“Stimulus Package” Used to Keep Religion Out

Alright, for all of you Christians out there who voted for Obama, you’re getting what you asked for. 

I was sent an article from www.OneNewsNow.com by a friend. 

According to this article:

Jay Sekulow, chief counsel of the American Center for Law & Justice, tells OneNewsNow there is a provision of the act that actually allows for funds to be given by the federal government in the form of grants for renovation of existing colleges and universities.

Well, that seems like a pretty good idea.  After all, if the universities have to come up with this money, they’ll have to jack up tuition, and no one benefits when that happens.

But when you read a little bit further into this legislation, there’s a specific prohibition on two things,” the attorney explains. “One, if the university itself is a religiously based or faith-based institution, it does not qualify.

Again, not so bad.  We knew this was coming right?  The way we’ve interpreted the doctrine of “separation of church and state”, even though that phrase doesn’t exist in the constitution, over the past 100 years or so, this is not a surprise. 

Here comes the shocker:

And if the facility that is being renovated allows religious worship to take place, it also does not qualify.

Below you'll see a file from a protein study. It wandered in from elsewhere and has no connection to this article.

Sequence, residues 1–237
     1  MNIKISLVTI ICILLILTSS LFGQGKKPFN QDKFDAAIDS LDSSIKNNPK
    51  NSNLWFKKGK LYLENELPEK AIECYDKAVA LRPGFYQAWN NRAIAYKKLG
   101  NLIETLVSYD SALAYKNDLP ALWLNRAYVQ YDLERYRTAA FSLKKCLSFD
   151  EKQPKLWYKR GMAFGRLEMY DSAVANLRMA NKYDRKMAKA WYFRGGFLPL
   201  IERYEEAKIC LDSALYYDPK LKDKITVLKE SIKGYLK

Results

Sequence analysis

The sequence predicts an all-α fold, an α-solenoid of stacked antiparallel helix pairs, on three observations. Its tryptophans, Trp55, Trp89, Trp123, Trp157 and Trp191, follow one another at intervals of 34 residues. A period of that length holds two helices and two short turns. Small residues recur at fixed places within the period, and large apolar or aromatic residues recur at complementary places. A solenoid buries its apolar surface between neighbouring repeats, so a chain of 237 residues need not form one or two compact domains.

Uh, oh President Obama, now you’re getting tricky.  Tricky and unconstitutional.  The article explains the exact language of the provision.

Specifically, the provision reads that stimulus funds may not be used for “modernization, renovation, or repair of facilities — (i) used for sectarian instruction, religious worship, or a school or department of divinity; or (ii) in which a substantial portion of the functions of the facilities are subsumed in a religious mission.”

Listen to that language!  “Used for . . .”.  This means that if this bill is passed, that any university will ban any kind of Bible study or religious service in ANY of it’s buildings because that would exclude them for receiving federal money.  This opens the door for provisions in any federally funded, or “stimulated”, building to exclude any kind of worship or religious service on any day of the week.

Excluding religious worship services, or Bible studies, from being on campus is religious discrimination.  This is unconstitutional.  Could you imagine the uproar if a provision in the stimulus package called for the exclusion of racial/ethnic clubs on campus?  Yet, there is barely a peep when this is done to religion.

Is this the beginning or the continuing of a scary trend of using federal dollars to keep religion out of the public sector?  I guess we’ll see.

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6 Comments on ““Stimulus Package” Used to Keep Religion Out”

  1. Matt Says:

    Hi Eric,

    I think you’re panicking unnecessarily.

    It’s clear from the context that “used for” means “solely used for”. If this were not the case, the second point would be redundant.